Ally announced a five-year extension of its partnership with the NWSL during halftime of Saturday's championship
The GIST: Ally will keep on kicking with the NWSL. During halftime of Saturday’s championship, the financial services company announced a five-year extension of its partnership to stay on as the NWSL’s second-largest sponsor (only behind Nike).
The details: The brand committed to spending a “significant” amount of advertising money with the NWSL’s media partners, which CMO Andrea Brimmer said “gives [the league] some wherewithal when they’re [...] negotiating media rights deals.” The company also relinquished some sponsorship inventory, allowing the NWSL to book new partners.
- Ally’s already in the habit of spending on NWSL broadcasts. It increased media spend to help push the championship to primetime, and Brimmer told The GIST that the company is eyeing other ways to improve the media landscape for women’s sports.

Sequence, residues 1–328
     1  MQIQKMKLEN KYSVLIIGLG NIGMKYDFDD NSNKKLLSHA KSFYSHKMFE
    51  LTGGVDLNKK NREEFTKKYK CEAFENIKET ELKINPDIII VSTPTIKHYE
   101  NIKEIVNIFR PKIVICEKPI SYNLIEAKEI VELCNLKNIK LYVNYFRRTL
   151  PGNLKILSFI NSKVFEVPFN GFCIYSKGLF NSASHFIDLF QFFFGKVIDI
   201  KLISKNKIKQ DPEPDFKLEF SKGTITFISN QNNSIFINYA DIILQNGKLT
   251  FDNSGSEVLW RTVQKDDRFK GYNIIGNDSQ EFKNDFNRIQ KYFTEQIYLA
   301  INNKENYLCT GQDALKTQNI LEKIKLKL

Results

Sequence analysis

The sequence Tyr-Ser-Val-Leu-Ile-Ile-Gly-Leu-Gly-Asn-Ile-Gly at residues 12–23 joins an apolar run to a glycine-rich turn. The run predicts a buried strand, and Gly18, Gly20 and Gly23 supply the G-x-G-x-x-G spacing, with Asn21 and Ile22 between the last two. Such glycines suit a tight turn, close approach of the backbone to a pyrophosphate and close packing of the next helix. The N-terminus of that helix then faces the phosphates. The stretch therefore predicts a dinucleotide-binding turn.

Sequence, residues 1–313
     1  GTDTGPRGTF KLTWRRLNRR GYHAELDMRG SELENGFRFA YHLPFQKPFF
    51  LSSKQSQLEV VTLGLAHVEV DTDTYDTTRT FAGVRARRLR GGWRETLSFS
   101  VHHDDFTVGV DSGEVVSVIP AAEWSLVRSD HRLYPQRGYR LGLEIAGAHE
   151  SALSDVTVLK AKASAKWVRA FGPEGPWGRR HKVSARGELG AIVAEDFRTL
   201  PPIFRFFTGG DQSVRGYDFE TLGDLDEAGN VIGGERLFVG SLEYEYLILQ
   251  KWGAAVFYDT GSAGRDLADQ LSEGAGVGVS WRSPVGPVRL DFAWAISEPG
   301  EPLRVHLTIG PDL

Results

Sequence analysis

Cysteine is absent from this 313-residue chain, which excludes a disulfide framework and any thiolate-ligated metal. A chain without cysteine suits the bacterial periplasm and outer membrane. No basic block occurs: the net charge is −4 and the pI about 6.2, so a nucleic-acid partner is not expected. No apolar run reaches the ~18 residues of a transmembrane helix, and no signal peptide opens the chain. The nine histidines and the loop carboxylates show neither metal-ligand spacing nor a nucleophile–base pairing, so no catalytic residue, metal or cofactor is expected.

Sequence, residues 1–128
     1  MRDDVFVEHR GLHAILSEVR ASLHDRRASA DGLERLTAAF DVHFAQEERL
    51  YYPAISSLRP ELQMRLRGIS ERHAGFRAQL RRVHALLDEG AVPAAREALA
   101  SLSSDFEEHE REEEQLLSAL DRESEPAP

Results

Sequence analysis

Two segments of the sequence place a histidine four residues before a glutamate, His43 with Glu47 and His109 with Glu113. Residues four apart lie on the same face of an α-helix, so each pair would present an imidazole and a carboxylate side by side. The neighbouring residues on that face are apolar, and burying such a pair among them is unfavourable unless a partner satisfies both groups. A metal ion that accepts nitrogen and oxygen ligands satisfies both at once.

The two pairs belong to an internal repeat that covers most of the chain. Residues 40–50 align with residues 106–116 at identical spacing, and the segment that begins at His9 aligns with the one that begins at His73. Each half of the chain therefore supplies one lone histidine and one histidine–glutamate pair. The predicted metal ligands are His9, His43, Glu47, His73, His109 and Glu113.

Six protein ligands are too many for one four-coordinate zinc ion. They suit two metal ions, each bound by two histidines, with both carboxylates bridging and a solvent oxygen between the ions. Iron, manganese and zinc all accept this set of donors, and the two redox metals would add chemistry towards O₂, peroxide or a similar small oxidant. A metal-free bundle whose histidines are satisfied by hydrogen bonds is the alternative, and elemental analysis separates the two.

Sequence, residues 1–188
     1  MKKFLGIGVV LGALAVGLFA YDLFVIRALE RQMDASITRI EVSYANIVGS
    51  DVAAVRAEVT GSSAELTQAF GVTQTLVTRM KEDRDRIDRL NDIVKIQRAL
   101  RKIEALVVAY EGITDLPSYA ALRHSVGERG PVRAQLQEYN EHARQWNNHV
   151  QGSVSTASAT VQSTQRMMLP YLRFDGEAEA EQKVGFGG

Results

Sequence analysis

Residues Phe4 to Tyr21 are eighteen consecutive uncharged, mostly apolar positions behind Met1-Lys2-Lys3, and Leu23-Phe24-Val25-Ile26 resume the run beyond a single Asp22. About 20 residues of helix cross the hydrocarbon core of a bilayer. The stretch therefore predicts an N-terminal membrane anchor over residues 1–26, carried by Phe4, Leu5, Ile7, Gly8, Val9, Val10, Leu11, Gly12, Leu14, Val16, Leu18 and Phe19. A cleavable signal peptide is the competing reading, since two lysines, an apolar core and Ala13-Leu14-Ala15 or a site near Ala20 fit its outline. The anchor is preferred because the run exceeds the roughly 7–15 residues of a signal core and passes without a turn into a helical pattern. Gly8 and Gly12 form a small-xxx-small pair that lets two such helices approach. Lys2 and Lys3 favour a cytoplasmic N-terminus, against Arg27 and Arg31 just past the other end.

- Ally also came to the bargaining table even earlier than anticipated. The brand was in an option year in 2022, but chose to forego a short-term extension for a long-term commitment to provide the league with a strong financial foundation while it grows.
The context: With the season in the rearview mirror, the NWSL now heads into an exclusive negotiation period with CBS. The league’s $4.5 million domestic rights deal expires at the end of 2023, but the search for an international partner has already begun — its global deal with Twitch ends this year. Talk about timing.
Zooming out: Throughout its partnership with the NWSL, Ally has acted more like a business partner than the average league sponsor. In the process, the brand is showcasing the multitude of ways committed corporate partners can leverage their power to support women’s sports and boost ROI.